I have been consciously avoiding Marilynne Robinson. I would react the same way to any author who chooses such an unappealing word, Housekeeping (doomed for its associations with housework), as the title of her first novel. However, her third novel, Home, read as part of this 2009 Orange shortlist readathon, has vaporised all prior prejudice and preconception.
As I have not read Gilead, the companion novel to Home, I can offer no comments about how this new novel enhances the previous one (You can find those here). This review will concentrate on Home as a standalone novel – make that a standalone break-me-down emotional experience that leaves me gasping with the pain of its characters.
Jack returns home, without explanation, after an absence and silence of 20 years. His elderly father is dying. His younger sister, Glory, has returned home to nurse her father to his grave. Why did Jack leave in the first place? Why is he returning? It’s becomes obvious that he has not fared well, that he is seeking refuge, but why, from what? How can the family deal with the pain and resentment of the past? Can they reconcile? All subjects that Robinson deals with in the most unprepossessing way, her prose reflecting the way the family skirt around each other, afraid of the past, the present and the future. Giving each other space … the most important thing being that he is here and that they prove how much they love him, the past notwithstanding, so that he will choose to stay.
Jack, a misfit, a loner, a troublemaker from youth up. His father, a preacher. Jack’s crimes, by modern day standards, misdemeanours of youth. Not so then. A huge problem to his father’s reputation. Rather than conform he leaves. 20 years later he returns with a secret. Remorseful only to an extent.
I don’t want you to give a damn about me. Any of you. I never did.
At least now he’s matured enough to recognise that for the asinine remark that it is. But he still makes it and he still feels it.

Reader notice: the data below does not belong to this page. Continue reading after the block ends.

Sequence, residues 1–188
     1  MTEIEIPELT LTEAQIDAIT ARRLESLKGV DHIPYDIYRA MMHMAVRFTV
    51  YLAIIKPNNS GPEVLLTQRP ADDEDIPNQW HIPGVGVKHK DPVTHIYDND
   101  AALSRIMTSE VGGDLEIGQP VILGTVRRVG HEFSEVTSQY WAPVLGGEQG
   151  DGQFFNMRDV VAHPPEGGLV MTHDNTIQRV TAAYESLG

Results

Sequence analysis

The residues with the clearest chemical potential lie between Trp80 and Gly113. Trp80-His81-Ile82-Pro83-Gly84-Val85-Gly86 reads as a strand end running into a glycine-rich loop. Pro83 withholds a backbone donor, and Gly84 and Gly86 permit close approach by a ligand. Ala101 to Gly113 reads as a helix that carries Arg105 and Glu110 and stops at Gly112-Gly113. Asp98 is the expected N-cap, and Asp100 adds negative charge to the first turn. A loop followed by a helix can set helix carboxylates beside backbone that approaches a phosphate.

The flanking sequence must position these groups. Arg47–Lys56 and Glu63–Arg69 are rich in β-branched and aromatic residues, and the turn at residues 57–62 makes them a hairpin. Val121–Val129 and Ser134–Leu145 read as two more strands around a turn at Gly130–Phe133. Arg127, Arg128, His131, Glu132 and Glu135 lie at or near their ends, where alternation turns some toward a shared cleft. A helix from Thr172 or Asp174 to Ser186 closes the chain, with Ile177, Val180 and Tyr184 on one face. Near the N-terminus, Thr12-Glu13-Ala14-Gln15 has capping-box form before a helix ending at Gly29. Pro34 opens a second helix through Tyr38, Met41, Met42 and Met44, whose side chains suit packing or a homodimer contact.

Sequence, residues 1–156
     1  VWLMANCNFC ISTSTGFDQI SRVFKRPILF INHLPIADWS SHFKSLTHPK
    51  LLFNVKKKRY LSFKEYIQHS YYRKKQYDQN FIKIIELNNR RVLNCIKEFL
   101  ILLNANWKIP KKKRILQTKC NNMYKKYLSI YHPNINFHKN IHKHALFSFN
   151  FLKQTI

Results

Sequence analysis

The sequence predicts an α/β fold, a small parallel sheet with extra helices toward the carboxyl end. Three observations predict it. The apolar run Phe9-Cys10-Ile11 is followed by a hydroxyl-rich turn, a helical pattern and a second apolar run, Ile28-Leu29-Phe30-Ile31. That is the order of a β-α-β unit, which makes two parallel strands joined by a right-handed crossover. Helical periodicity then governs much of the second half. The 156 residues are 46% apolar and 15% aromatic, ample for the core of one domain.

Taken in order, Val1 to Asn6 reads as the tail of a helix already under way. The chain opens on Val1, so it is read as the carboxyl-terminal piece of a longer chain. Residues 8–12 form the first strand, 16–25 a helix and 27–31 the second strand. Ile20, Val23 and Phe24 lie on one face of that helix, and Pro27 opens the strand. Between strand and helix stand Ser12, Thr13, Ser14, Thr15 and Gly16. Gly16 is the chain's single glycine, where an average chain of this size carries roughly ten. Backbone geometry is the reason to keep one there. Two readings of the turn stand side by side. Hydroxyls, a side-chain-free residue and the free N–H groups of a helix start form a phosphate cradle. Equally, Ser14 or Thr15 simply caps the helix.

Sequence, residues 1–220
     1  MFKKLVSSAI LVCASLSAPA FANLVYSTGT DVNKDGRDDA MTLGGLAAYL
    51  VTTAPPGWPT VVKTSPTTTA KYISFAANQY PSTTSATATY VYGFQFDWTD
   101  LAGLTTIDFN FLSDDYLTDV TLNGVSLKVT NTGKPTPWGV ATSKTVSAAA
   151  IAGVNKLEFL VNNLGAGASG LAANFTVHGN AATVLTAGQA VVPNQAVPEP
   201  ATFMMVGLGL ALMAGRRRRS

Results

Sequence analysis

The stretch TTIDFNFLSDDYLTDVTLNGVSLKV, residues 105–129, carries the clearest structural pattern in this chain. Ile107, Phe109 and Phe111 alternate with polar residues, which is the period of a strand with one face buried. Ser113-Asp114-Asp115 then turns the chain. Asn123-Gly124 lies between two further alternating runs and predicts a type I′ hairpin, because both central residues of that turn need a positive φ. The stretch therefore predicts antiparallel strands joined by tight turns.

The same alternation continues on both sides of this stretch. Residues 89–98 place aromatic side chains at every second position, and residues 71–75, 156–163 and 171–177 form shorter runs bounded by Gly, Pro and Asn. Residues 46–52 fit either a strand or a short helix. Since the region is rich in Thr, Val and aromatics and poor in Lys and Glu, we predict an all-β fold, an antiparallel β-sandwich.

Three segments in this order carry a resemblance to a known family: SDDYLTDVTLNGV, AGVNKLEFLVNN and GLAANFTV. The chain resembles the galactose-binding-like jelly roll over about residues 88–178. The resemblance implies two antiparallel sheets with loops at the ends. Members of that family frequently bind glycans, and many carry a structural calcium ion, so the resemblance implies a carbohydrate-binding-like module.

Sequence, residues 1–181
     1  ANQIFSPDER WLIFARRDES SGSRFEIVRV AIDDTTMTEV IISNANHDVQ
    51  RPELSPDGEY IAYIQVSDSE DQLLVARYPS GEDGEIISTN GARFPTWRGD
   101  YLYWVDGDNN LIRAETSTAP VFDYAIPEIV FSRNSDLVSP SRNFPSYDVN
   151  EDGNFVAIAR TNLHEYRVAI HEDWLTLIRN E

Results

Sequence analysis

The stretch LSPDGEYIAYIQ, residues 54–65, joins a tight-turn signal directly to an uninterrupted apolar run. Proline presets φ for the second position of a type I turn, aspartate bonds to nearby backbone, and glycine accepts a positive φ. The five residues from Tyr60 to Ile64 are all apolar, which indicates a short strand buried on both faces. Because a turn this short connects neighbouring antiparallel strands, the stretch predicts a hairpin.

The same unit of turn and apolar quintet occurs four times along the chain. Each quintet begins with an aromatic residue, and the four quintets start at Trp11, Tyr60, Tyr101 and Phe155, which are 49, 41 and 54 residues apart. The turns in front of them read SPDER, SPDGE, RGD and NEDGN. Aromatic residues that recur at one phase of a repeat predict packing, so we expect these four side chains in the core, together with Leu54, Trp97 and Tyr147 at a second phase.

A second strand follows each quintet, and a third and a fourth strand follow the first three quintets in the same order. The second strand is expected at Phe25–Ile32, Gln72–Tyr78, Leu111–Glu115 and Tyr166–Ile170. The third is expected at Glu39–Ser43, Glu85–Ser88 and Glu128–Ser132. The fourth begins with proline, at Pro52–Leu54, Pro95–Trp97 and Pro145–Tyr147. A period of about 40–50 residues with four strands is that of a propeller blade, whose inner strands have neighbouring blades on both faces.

For Glory and her father, desperate for Jack to stay, careful of the boundaries he sets, this is heartbreaking. It’s a signal that they are as helpless as ever they were in the face of what must feel to them an alien creature. They reproach themselves ceaselessly but strive to contain their anger and, it must be said, their not unreasonable hurts. Finally the father approaches emotional honesty, that which-must-not-be-approached but will it pave the way for a fresh start?
Why do I have to care so much? It seemed like a curse and an affliction to me. To love my own son. How could that be? I have wondered about it many times.
Jack’s story is counterbalanced by Glory’s. Now 38, still unmarried, she has returned home under duress. Life for her, away from home, was also full of bitter disappointments. Her secrets not something her father likely to appreciate. So he is told only that which he can digest. Glory thereby showing an inner sense of duty and a consideration for others that Jack can only pretend. There’s only one ending for the father – but what of the son or daughter? Who will stay? Who will go? Will either be happy? Where are the comforts of home to be found?
If it sounds sad, it is sad. I mourned on finishing the book. For the father now dead. For Glory. Tellingly not for Jack. I also mourned the end of a flawless novel. Now that is a very rare thing indeed.